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Davis, California

Monday, May 20, 2024

Column: Vigilante justice

Every story of vigilante justice begins with someone who has been wronged. In 1962, a New York City burglar murdered Peter Parker’s adopted uncle, propelling Spiderman into the vigilante limelight. In Alan Moore’s V for Vendetta, a fictitious England’s history of scientific experimentation on political prisoners fuels the vengeance of a man who can only be described as the letter V.

In each instance, the story’s protagonist feels his victimization warrants a particular brand of justice that falls well beyond the reach and scope of the law.

In these fictional depictions of what vigilantism might look like, the stakes are high, the personas are larger than life and morality is complicated, but no matter how many burglars Spiderman confronts, or how many villains Codename V lays to waste, we readers remain steadfast in our loyalty to the conduit of vigilante justice.

As such, every American man who has read a comic book (or, for the younger generation, seen a Hollywood adaptation) secretly prays for that moment that an injustice worthy of operating outside of the law finally comes around. He listens closely for suspicious footsteps in the night. He saunters impressively into his apartment’s living room with a lacrosse stick hoping for the opportunity to oust a robber and walk in the company of Maximus Decimus Meridius, Batman and the Punisher.

Every man secretly prays for that moment, and recently I thought HaShem had finally answered my man-prayers. An insightful member of davisfixed.com, a local bicycle forum, called me in response to a “Stolen Bike” post I’d made a few days prior. He told me that he was looking at my missing $1500 road bike on Craigslist with all its distinctive yellow parts. In addition, he was also looking at the thief’s phone-number ((916) 995-4017, check your contacts).

All of my senses became acute. I could feel my blood pressure rising and my Spidey senses tingling. I reached for my Guy Fawkes mask.

I was the Juggernaut, bitch.

I decided to give him a call and act as a fascinated prospective, asking stupid questions about a bike I knew everything about. I told him I was interested in checking it out and that I’d like to meet him at Ikea, a very public West Sacramento location.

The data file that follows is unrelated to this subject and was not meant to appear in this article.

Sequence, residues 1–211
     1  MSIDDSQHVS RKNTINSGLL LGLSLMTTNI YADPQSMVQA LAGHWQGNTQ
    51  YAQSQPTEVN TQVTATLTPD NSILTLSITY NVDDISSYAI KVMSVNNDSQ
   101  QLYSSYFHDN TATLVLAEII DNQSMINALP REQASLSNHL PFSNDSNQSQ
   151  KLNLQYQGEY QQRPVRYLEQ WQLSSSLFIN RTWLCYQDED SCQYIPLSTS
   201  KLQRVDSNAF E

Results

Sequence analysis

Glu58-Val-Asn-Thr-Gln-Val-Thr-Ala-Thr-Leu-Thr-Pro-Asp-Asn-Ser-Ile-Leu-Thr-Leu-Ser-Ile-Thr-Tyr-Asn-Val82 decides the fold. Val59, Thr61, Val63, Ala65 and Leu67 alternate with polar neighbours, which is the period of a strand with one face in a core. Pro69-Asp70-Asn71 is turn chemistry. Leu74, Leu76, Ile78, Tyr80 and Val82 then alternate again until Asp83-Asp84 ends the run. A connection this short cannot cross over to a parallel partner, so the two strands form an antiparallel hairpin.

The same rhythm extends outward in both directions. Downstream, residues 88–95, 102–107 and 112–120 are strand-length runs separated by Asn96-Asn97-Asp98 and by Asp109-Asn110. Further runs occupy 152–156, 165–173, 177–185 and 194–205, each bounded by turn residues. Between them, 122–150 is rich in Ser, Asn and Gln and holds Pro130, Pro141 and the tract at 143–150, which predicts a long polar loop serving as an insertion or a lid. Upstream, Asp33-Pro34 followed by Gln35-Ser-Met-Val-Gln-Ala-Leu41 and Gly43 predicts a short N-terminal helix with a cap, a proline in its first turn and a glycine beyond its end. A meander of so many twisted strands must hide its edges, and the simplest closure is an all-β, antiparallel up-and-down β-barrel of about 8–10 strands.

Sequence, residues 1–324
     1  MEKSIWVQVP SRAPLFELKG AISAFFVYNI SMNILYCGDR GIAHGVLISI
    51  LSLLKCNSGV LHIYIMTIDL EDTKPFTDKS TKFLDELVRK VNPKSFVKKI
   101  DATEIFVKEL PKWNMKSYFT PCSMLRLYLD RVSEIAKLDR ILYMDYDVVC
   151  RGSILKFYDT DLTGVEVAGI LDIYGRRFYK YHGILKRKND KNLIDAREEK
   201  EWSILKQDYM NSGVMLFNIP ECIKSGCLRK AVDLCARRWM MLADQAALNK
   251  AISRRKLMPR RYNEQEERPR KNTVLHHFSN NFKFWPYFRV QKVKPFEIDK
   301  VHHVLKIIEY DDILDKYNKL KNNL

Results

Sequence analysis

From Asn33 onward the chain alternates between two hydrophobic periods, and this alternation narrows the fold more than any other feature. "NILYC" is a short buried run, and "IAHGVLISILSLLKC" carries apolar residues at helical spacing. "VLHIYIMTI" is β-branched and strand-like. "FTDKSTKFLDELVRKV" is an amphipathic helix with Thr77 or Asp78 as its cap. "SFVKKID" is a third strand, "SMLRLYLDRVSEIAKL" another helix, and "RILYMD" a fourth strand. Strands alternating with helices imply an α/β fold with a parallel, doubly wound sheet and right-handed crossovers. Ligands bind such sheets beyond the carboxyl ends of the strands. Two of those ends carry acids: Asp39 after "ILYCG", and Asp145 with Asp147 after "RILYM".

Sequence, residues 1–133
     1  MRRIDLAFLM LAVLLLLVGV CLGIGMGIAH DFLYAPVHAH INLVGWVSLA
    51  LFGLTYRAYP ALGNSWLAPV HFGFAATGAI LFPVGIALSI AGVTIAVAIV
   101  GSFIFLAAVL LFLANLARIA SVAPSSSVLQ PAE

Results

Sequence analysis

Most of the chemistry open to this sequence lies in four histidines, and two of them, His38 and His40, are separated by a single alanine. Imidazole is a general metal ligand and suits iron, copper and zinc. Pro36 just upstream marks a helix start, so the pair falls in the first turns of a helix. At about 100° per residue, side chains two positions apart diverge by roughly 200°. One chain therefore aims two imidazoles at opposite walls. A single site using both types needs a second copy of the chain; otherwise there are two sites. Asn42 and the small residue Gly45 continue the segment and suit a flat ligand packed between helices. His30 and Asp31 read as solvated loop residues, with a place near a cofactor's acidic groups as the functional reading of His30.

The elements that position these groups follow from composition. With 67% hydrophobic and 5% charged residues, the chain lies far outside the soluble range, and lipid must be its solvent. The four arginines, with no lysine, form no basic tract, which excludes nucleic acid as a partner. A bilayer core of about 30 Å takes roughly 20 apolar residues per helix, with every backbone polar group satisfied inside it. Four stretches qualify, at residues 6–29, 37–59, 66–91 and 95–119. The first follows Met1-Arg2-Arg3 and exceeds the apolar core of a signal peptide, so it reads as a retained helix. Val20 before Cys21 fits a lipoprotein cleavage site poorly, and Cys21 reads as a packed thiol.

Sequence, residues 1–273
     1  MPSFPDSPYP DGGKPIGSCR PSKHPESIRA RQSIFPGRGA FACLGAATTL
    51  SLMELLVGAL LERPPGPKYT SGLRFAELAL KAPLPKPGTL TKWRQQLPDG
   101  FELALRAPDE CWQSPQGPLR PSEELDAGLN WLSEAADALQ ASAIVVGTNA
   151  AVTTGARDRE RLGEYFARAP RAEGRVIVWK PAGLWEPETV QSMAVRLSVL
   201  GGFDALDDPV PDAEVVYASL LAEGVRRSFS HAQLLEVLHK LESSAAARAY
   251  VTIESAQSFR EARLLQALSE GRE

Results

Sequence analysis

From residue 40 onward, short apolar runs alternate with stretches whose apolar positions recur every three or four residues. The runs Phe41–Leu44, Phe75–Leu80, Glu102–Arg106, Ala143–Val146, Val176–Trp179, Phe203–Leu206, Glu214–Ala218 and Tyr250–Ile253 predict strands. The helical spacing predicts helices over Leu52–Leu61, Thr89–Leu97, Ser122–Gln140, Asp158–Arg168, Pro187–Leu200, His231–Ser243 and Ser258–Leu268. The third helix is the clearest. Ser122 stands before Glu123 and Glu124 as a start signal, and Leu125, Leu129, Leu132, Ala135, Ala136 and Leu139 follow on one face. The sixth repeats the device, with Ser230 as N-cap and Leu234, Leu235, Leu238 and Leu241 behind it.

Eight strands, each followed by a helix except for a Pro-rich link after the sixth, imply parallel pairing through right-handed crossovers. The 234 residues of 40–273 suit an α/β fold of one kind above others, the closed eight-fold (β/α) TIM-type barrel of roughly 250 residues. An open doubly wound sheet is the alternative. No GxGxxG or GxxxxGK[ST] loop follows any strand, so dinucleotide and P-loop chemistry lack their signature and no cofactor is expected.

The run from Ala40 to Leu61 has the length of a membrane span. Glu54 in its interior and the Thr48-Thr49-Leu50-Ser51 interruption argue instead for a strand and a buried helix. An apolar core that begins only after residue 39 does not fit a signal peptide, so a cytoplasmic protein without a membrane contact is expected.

I hung up and immediately phoned the Davis Police. I’d already filed a police report so I assumed what would follow would be a simple process: I’d meet our story’s antagonist, and the police would follow and arrest him when my bike was in plain view. Case closed.

The Davis Police informed me that because it was after hours of operation (because obviously no crime happens after 5 p.m.), they could not approach any case outside of the Davis municipality. The police departments in Sacramento told me they could not assist with any case I’d filed in Davis. Meanwhile, my thief had ended our correspondence; it seemed he’d Googled my phone number while he was waiting. The first five entries that my number returns all begin with “Stolen Bike.”

In retrospect, I probably shouldn’t have used my own phone. In my hot-tempered man-moment, I had a lapse in judgment. But I still had a cell-phone number, and I’ve watched enough episodes of “Burn Notice” to know that a cell-phone number can tell a law-enforcement agency everything it needs to know.

Unfortunately, the Davis Police Department is woefully underfunded. Today, my case file sits beneath a stack of violent crimes, wrongful death investigations and allegations of sexual misconduct dating as far back as Picnic Day. Now don’t get me wrong. Comparatively speaking, this is exactly where it belongs, but it doesn’t change the fact that no law enforcement agency ever lifted a finger to help this columnist and aspiring vigilante find the man who had wronged him. Financially, I would have been much better off committing insurance fraud.

What I took away from this interaction is that sometimes the stakes of your vigilante justice story are not as high for others as they are for you. The personas are not as intriguing to a dispatch operator, and the morality is not so complicated to a seasoned detective. However, police reports are futile if the agency responsible for responding to them is too underfunded to allocate resources to those who file them. If our law enforcement agencies can only afford to ticket the speeders and the partiers, yet life is too “real” to don a poly blend mask and fight crime extra-lawfully, then what avenue is left for you and I to explore?

JOSH ROTTMAN writes his columns in the bathroom so he knows they’re the shit. Have your people reach his people at jjrottman@ucdavis.edu.



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